|Re: Possible to write compiler to Java VM? email@example.com (1996-01-29)|
|Safety and power in languages firstname.lastname@example.org (1996-02-02)|
|Re: Safety and power in languages email@example.com (1996-02-04)|
|Re: Safety and power in languages firstname.lastname@example.org (1996-02-09)|
|Re: Safety and power in languages email@example.com (1996-02-09)|
|Re: Safety and power in languages firstname.lastname@example.org (1996-02-12)|
|Re: Safety and power in languages email@example.com (Christian Fabre) (1996-02-13)|
|Re: Safety and power in languages firstname.lastname@example.org (1996-02-13)|
|Re: Safety and power in languages email@example.com (Darius Blasband) (1996-02-13)|
|Re: Safety and power in languages Roger@natron.demon.co.uk (Roger Barnett) (1996-02-14)|
|From:||firstname.lastname@example.org (Michael Feldman)|
|Date:||12 Feb 1996 23:42:10 -0500|
|Organization:||George Washington University|
|References:||96-01-116 96-02-026 96-02-057|
Daniel J. Salomon <email@example.com> wrote:
>Let me give two concrete examples of what I am talking about.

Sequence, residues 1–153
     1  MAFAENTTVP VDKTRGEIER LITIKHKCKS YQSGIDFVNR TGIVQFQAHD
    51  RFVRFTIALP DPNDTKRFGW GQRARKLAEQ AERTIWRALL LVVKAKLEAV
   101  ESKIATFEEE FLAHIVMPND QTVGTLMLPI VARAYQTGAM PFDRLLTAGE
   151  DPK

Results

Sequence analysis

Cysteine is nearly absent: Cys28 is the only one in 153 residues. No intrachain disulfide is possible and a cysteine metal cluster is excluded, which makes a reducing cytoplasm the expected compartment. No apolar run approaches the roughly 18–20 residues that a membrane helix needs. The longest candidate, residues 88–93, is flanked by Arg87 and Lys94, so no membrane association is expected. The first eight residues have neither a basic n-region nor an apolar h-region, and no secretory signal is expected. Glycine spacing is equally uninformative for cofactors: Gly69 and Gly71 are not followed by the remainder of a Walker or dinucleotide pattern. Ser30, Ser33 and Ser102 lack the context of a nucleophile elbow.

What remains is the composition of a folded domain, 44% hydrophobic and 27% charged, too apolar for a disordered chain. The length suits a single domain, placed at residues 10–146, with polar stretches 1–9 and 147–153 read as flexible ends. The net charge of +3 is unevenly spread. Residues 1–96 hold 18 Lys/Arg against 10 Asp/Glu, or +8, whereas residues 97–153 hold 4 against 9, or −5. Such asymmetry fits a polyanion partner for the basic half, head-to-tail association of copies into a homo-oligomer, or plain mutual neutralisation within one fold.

>Ada requires that all variant records have an explicit discriminant,
>whereas C union types do not even provide explicit discriminants.
>Requiring an explicit discriminant prevents a lot of errors, but I
>have written plenty of correct and reliable C code that did not have
>an explicit discriminant. In many algorithms the type of a union
>variable can be known from the context in which it is used. So you
>see, in Ada I am forced to write code in a certain way the prevent
>possible bugs, not necessarily to correct existing bugs.
Good point. Many don't realize this about variant records. In Ada, you
use Unchecked_Conversion to get the effect of an undiscriminated
union. Some do not even know that this is possible in Ada. As usual,
you need to be pretty explicit in your use of it.
Another small feature with a big safety payoff is that pointers in Ada
are (required to be) initialized to NULL. Obviously, a careless
programmer might leave a pointer _dangling_, but at least
- an attempt to dereference a NULL pointer will raise Constraint_Error
instead of dumping core, and
- dereferencing a _garbage_ (uninitialized) pointer is nearly impossible,
because of the initialization-to-NULL rule.
I have seen a number of reports showing that many, if not most,
hard-to-trace bugs in C come from memory-reference problems - garbage
pointers, overrunning subscripts, etc. Undoubtedly C++ improves this,
but Ada is _designed_ to minimize the likelihood of it happening.
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